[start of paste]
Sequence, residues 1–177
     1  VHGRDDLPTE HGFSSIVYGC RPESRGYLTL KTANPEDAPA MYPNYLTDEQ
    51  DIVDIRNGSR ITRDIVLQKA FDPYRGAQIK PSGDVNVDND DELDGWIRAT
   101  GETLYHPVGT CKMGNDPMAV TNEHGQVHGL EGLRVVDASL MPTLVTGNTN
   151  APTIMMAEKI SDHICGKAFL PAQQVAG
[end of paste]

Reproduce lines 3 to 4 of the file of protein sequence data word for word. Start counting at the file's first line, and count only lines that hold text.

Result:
    51  DIVDIRNGSR ITRDIVLQKA FDPYRGAQIK PSGDVNVDND DELDGWIRAT
   101  GETLYHPVGT CKMGNDPMAV TNEHGQVHGL EGLRVVDASL MPTLVTGNTN